Sbot Common Interface
What is the common interface, and why should we use it?
- Write Controller Once, instead of modifying for each platform.
- Save time - no code rewrites. Maintain just one version of your code
- When developing in simulation, you can do frequent reality checks on real robots.
- Everyone shares a common build environment. We can stop reinventing the wheel.
- All controllers stored in common repository. Can easily browse other people's code.
- Share and jointly improve tools - eg. scripts for copying files to sbots
- All extra libraries included in common interface - toolchain, sboteyelib etc.
Common Interface QuickStart
- Install subversion.
- apt-get install subversion
- Checkout common interface from repository
- svn checkout svn+ssh://<your iridia username>@iridia.ulb.ac.be/usr/local/share/svn_repositories/sbotci
- Compile one of the example controllers for the real robot
- cd sbotci/real_sbot
- ./build_scripts/build_support_libs.sh (build toolchain, sboteyelib etc)
- make controller=describe_circle
- Copy binary to sbot and run it
- ./tools/sbot_file_copy/copy_binary_to_sbot.sh describe_circle <sbot number>
- ssh root@sbot<sbotnumber>
- cd /tmp
- Compile twodee and run an example controller
- cd sbotci/twodee
- ./twodee -e10003 --experiment-parameters controller=describe_circle
Write your own common interface controller
You will need to familiarise yourself with the basics of source code control using svn. If you are already familiar with cvs this is a piece of cake, as svn commands are by in large a superset of cvs commands.
When you write your common interface controller, you basically have to implement three functions
Everything else is done for you.
Your code needs to live in the directory sbotci/controllers/<your_name>/<controllername>
If these directories do not exist you will have to create them and add them to svn with the svn add command.
The easiest way to get started is probable to copy one of the examples in the sbotci/controllers/generic directory into your own directory ( sbotci/controllers/<your_name>/ )/
- cd sbotci/controllers/<your_name>
- cp -r ../describe_circle ./my_test_controller
- To compile your controller on the real sbot
- cd sbotci/real_sbot
- make controller=my_test_controller
- To compile your controller in twodee
- Anders - can you fill this in. Thx.
How to make your simulator compatible with the common interface
In order to implement the common interface for another simulator, you need to implement the common s-bot interface, the sensor factory and any sensors that can be made compatible with your simulator (or that you can be bothered implementing). The s-sbot common interface, which consists of the set of methods through which an s-bot is controlled, does not need to be fully implemented. To start off you might only implement the method, which sets the speed of the treels. This will allow you to run for instance the describe_circle behavior. For more elaborate controllers using sensors and other actuators you will of course have to implement the corresponding methods of the s-bot interface.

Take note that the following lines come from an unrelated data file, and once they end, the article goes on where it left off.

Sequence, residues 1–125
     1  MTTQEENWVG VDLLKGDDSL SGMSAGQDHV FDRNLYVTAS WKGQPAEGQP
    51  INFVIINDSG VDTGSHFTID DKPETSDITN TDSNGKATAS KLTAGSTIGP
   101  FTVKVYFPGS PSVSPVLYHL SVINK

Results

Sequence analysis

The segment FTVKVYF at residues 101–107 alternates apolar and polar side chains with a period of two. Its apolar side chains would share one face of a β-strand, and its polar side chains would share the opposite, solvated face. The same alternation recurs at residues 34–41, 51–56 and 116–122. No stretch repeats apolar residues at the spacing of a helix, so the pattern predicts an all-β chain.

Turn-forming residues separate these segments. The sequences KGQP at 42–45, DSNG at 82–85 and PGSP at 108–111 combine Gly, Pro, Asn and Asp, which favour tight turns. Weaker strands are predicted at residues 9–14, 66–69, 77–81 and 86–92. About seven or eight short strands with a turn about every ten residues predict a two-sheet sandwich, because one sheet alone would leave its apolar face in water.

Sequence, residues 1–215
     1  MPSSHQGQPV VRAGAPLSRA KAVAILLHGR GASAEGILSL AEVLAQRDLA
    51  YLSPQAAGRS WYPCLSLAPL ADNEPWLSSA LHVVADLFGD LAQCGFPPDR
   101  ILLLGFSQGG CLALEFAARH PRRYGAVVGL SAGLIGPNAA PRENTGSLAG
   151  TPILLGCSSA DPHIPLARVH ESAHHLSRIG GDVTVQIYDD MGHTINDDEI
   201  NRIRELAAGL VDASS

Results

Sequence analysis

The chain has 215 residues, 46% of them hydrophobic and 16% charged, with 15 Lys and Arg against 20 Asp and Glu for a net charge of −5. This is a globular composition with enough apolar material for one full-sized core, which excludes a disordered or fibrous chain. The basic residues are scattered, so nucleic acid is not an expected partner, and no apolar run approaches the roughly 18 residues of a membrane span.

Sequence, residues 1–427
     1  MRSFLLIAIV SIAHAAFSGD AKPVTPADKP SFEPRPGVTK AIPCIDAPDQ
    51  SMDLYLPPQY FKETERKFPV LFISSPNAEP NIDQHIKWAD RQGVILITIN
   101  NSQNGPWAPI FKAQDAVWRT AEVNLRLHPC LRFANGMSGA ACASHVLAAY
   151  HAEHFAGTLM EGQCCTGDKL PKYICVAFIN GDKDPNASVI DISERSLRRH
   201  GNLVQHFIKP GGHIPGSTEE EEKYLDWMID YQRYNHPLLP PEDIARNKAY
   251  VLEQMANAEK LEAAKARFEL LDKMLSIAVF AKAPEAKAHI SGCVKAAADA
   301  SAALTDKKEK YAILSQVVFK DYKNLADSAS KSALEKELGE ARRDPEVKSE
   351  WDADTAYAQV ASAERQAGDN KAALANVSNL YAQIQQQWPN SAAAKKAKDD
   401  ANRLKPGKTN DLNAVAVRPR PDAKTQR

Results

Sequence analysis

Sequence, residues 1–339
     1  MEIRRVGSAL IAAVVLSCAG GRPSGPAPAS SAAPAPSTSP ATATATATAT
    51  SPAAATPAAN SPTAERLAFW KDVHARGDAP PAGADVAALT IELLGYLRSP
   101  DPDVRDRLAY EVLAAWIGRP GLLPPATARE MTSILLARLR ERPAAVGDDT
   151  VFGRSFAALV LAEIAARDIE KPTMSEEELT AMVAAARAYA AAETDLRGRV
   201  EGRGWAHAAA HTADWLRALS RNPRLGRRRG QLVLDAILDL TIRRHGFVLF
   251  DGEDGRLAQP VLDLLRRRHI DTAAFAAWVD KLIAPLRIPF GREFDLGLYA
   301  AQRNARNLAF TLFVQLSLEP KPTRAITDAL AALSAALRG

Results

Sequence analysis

The s-bot common interface
The s-bot common interface is a super class specificing the interface. For the real s-bots specialization, all methods have been implemented so that the s-bot API is called, while in TwoDee another specialization in which the simulated robots are controlled instead.
// Super class implementation: // Real s-bot implementation: // TwoDee implementation:
The sensor factory common interface
The sensor factory allows for implementing complex sensors, like the camera, in simulators. The sensor factory is a class, which controllers can ask to create instances of sensors.
How the common interface was implemented in TwoDee
In TwoDee the common-interface is really just a controller like every other controller. Whenever a common interface controller writes actuator outputs to the s-bot common interface, the TwoDee implementation translates the calls to control the simulated s-bot. Likewise, when a common interface controller reads the state of a sensor, TwoDee queries the corresponding simulated sensor and translates whatever input/output to the appropriate units.